Dozens of New York City teachers placed on unpaid leave for using fake coronavirus vaccine cards

(NEW YORK) — Dozens of New York City Education Department employees are being placed on unpaid leave as of Monday for submitting fake coronavirus vaccine cards.

“Fewer than 100″ employees submitted the fake vaccination cards, the DOE said Friday. A union official estimated about 70 employees were impacted.

The United Federation of Teachers, the union representing educators in the city, is preparing to challenge the move, saying some teachers claim they were wrongly accused and placing them on unpaid leave violates “the basic notion of due process.”

“It is wholly improper for the DOE to unilaterally remove UFT members from the payroll based on mere conjecture that vaccination documentation is fraudulent,” Beth A. Norton, general counsel for UFT, wrote in a letter to the city.

“The UFT demands that the DOE immediately rescind the aforementioned notices and confirm by the close of business April 22, 2022 that the affected UFT bargaining unit members will remain on the payroll on April 25, 2022 and thereafter,” the letter added. “Should the DOE fail to comply with this demand and the due process procedures, the UFT is prepared to initiate litigation to challenge the DOE’s improper actions.”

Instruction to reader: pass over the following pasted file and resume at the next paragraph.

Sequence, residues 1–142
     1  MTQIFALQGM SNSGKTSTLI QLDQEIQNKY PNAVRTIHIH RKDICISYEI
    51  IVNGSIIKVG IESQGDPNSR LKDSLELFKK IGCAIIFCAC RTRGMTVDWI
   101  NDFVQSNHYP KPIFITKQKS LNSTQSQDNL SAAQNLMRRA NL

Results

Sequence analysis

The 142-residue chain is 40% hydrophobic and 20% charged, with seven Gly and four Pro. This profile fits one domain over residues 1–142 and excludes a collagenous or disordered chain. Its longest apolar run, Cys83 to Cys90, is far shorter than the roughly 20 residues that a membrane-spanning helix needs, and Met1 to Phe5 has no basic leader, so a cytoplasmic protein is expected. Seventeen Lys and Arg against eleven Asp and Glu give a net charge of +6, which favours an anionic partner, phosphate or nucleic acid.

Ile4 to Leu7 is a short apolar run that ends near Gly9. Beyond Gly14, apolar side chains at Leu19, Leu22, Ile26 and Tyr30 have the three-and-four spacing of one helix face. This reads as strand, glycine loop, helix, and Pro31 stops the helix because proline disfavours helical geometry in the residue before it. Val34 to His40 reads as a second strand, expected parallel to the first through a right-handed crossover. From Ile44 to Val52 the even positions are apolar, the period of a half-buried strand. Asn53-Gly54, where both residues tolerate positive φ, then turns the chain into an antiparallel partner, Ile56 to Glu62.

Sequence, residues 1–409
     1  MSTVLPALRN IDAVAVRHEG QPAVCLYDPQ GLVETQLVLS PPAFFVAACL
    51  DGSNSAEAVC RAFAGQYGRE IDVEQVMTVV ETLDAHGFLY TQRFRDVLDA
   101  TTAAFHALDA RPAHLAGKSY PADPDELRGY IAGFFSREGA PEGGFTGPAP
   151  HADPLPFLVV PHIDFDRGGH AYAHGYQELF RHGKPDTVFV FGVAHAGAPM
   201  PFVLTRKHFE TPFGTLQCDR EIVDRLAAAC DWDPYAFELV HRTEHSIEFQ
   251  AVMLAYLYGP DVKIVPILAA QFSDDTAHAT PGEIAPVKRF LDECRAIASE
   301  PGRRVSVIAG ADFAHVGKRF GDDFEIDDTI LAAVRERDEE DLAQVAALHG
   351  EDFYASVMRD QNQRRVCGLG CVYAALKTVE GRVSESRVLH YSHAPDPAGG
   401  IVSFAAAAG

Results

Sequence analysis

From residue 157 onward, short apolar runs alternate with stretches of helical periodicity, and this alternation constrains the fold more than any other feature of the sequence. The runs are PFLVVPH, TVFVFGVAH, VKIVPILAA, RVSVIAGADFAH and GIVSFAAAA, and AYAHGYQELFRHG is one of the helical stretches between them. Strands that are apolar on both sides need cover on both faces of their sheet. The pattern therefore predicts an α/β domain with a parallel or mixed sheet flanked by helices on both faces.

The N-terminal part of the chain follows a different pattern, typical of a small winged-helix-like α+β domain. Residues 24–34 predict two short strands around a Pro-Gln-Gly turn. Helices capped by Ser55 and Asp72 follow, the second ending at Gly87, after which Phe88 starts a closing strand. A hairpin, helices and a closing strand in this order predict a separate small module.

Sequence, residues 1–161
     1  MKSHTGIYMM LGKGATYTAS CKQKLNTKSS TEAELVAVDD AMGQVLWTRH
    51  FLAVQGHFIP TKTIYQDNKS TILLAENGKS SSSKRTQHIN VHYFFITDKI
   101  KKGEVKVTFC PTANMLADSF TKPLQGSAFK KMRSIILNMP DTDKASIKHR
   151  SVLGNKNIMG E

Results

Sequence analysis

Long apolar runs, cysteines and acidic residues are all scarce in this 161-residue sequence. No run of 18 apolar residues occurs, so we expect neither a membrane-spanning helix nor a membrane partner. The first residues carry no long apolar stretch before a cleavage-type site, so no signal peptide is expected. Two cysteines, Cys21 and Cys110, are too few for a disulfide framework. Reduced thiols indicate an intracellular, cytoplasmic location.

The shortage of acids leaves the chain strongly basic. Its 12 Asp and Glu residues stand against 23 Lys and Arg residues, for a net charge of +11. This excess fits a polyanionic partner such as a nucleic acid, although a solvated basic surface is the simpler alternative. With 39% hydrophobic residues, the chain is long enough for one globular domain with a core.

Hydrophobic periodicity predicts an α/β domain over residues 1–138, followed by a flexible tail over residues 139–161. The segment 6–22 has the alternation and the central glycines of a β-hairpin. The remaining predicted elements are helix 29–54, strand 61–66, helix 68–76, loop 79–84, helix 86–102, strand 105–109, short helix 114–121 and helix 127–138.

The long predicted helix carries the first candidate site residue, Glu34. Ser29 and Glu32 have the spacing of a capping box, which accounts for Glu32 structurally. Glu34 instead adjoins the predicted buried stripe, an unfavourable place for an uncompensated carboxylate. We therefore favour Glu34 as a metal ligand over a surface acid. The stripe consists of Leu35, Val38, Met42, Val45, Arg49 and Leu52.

The Department of Education defended its actions in a statement.

“Fraudulent vaccination cards are not only illegal, they also undermine the best line of protection our schools have against COVID-19 — universal adult vaccination,” The Education Department said in a statement. “We immediately moved to put these employees — fewer than 100 — on leave without pay.”

New York City has engaged in a prolonged legal battle with teachers over its vaccine mandate. The mandate went into effect on Oct. 4, 2021, at the behest of then-Mayor Bill de Blasio. The city required all public school teachers — in the largest school system in the country — to receive at least one dose of the vaccine.

The city said 95% of staffers had complied with the rule by Oct. 4.

But a legal battle raged on in the courts even after the mandate went into effect, with a group of teachers appealing all the way to the Supreme Court. Just this week, the nation’s highest court refused to hear the case without explanation.

ABC News’ Mark Osborne contributed to this report.

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